You had to figure that at some point the question was going to be posed as to whether the “stand your ground” laws, which were reportedly the crux of the defense of George Zimmerman in the Trayvon Martin shooting, needed to be repealed.

Perhaps we here in the Northeast take a dim view of laws where one can use deadly force upon another if the supposed victim feels his or her life is in danger.

A person who is not engaged in an unlawful activity and who is attacked in any other place where he or she has a right to be has no duty to retreat and has the right to stand his or her ground and meet force with force, including deadly force if he or she reasonably believes it is necessary to do so to prevent death or great bodily harm to himself or herself or another or to prevent the commission of a forcible felony.

Is the law too broadbased, and do you feel it needs to be repealed?

I can answer that for you in one quick sentence.

No, and who are we to seek repeal Florida law.

According to this:
Speaking at the annual meting of the NAACP in Orlando, Fla. yesterday, Attorney General Eric H. Holder Jr. strongly condemned “Stand your Ground” laws, saying they “senselessly expand the concept of self-defense” and may encourage “violent situations to escalate.”

The statutes, which have been enacted in more than 30 states, have become the focus of national debate since the shooting death of of Trayvon Martin, an unarmed 17-year-old African-American. Neighborhood watch volunteer George Zimmerman, was acquitted of murder charges in Martin's death on Saturday.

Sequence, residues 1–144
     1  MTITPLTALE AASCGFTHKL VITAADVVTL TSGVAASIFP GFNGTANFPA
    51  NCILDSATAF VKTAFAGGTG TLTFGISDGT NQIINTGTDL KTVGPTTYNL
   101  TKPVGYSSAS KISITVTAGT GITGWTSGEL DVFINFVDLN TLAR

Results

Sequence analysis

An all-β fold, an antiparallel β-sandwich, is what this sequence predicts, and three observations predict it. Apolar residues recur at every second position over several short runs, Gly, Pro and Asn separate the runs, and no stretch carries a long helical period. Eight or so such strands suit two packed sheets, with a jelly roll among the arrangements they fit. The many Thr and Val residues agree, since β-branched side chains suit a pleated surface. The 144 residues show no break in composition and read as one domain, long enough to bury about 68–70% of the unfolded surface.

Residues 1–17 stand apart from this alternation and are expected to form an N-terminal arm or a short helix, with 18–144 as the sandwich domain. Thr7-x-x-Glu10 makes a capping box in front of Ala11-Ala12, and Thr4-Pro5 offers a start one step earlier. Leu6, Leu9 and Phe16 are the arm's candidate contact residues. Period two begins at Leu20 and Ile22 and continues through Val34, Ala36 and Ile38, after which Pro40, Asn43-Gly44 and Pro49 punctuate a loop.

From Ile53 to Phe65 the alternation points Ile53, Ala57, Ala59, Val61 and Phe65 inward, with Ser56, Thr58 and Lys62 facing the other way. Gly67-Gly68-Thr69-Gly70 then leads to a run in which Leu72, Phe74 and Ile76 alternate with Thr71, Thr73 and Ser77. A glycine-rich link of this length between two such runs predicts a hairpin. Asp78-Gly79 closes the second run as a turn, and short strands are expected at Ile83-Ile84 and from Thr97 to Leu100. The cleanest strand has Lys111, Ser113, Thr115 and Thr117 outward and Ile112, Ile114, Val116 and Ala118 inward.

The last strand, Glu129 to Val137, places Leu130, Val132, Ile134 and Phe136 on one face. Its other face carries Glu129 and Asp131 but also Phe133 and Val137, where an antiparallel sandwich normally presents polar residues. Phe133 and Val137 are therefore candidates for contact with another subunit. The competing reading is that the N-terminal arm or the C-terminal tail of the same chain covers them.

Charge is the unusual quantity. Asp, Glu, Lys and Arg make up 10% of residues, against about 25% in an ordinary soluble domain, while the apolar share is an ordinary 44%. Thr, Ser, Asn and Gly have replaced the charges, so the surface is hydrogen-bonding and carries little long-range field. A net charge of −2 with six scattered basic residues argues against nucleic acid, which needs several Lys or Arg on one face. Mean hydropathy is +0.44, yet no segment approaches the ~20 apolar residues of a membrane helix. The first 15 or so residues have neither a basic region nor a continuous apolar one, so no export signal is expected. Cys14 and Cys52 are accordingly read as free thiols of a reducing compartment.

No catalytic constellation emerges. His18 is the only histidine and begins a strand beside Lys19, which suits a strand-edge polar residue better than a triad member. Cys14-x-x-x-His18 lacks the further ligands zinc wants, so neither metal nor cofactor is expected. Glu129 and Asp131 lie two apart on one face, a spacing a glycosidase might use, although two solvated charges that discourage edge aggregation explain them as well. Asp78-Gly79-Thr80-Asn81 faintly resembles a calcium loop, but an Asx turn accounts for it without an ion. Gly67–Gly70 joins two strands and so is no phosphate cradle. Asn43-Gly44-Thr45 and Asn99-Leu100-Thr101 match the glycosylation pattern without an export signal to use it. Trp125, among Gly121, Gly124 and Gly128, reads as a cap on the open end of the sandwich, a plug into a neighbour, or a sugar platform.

As The Washington Post reported, Zimmerman’s attorneys did not try to get the case dismissed based on Florida’s “stand your ground” law, which says people who feel threatened can defend themselves with deadly force and are not legally required to flee .

Still, the jury was instructed that as long as Zimmerman was not involved in an illegal activity and had a right to be where he was when the shooting occurred, “he had no duty to retreat and the right to stand his ground.”

“These laws try to fix something that was never broken,” Holder told the cheering delegates yesterday, as reported by The Washington Post. “The list of resulting tragedies is long and, unfortunately, has victimized too many who are innocent.”

But for all Holder's protestations, administration officials conceded yesterday there is little the Justice Department can do to actually change the laws, because they are state, rather than federal, statutes.

Thank you administration officials!